Periodic assessment of organ system function, including frequent evaluation of electrolyte balance, hepatic, renal and hematopoietic systems, and cardiac and vascular status should be performed during prolonged therapy with high doses of intravenous penicillin G (see Adverse Reactions). If any impairment of function is suspected or known to exist, a reduction in the total dosage should be considered (see Dosage and Administration). In suspected staphylococcal infections, proper laboratory studies, including susceptibility tests should be performed. All infections due to Group A beta-hemolytic streptococci should be treated for at least 10 days.
Patients being treated for gonococcal infection should have a serologic test for syphilis before receiving penicillin. All cases of penicillin treated syphilis should receive adequate follow-up including clinical and serological examinations. The recommended follow-up varies with the stage of syphilis being treated.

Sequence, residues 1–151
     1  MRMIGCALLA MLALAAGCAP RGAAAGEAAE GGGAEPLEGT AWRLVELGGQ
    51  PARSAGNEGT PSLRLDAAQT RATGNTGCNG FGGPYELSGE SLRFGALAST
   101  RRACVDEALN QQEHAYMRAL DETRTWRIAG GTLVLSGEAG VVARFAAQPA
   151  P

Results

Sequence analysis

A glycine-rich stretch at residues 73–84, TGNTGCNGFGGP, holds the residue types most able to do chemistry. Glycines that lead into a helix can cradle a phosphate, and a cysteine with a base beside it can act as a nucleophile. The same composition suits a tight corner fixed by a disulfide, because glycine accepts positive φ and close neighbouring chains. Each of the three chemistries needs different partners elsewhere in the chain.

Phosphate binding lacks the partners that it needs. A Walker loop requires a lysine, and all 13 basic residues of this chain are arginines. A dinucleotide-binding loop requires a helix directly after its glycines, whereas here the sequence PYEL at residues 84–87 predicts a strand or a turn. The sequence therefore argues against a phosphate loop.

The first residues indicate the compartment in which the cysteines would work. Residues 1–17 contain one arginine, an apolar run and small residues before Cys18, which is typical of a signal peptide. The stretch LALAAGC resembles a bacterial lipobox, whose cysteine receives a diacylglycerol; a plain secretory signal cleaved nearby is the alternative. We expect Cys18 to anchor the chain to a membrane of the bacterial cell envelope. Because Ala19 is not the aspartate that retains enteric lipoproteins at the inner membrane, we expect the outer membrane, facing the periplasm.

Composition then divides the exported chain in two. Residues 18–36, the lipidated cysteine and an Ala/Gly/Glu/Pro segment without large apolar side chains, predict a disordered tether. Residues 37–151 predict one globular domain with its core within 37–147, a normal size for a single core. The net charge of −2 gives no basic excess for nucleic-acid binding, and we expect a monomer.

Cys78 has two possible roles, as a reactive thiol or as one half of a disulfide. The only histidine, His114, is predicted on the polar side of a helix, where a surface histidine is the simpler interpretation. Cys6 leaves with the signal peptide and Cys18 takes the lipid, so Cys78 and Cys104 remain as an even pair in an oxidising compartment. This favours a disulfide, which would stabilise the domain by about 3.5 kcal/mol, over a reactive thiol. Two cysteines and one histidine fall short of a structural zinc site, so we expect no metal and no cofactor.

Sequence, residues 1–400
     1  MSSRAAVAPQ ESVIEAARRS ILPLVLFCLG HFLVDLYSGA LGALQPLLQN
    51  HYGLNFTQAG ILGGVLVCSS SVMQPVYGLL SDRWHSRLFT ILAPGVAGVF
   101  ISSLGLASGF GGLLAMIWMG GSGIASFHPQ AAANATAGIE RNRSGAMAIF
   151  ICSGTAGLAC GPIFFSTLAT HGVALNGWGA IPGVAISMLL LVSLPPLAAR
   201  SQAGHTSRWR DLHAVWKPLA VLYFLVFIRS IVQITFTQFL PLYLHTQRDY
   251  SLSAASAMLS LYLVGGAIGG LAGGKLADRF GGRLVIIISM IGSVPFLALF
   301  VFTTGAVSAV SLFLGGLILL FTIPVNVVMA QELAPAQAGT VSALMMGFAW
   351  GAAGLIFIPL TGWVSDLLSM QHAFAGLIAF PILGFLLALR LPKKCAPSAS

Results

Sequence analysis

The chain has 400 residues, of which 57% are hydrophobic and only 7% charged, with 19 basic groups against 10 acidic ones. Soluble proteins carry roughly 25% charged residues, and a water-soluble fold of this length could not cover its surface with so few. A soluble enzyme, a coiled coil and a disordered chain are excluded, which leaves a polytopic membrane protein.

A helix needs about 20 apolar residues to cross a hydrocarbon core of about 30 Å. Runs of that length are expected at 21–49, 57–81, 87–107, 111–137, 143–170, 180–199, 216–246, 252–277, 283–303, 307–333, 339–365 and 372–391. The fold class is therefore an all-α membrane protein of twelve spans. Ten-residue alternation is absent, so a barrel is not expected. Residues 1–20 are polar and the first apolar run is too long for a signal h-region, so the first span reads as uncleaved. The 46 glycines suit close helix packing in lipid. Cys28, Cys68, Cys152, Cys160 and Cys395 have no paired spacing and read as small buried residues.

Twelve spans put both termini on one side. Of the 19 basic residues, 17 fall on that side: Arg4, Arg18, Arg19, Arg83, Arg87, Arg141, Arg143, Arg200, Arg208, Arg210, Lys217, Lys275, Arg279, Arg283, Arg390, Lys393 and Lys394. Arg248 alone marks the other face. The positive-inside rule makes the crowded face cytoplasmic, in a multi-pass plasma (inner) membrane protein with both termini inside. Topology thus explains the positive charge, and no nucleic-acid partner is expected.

Bacteriostatic antibacterials (i.e., chloramphenicol, erythromycins, sulfonamides or tetracyclines) may antagonize the bactericidal effect of penicillin, and concurrent use of these drugs should be avoided. This has been documented in vitro; however, the clinical significance of this interaction is not well-documented.
Penicillin blood levels may be prolonged by concurrent administration of probenecid which blocks the renal tubular secretion of penicillins. Other drugs may compete with penicillin G for renal tubular secretion and thus prolong the serum half-life of penicillin. These drugs include: aspirin, phenylbutazone, sulfonamides, indomethacin, thiazide diuretics, furosemide and ethacrynic acid.
After treatment with penicillin G, a false-positive reaction for glucose in the urine may occur with Benedict’s solution, Fehling’s solution or CLINITEST tablet, but not with the enzyme-based tests, such as CLINISTIX and TES-TAPE.
Penicillin G has been associated with pseudoproteinuria by certain test methods.
No long term animal studies have been conducted with this drug.
Reproduction studies performed in the mouse, rat and rabbit have revealed no evidence of impaired fertility or harm to the fetus due to penicillin G. Human experience with the penicillins during pregnancy has not shown any positive evidence of adverse effects on the fetus. There are, however, no adequate and well controlled studies in pregnant women showing conclusively that harmful effects of these drugs on the fetus can be excluded. Because animal reproduction studies are not always predictive of human response, this drug should be used during pregnancy only if clearly needed.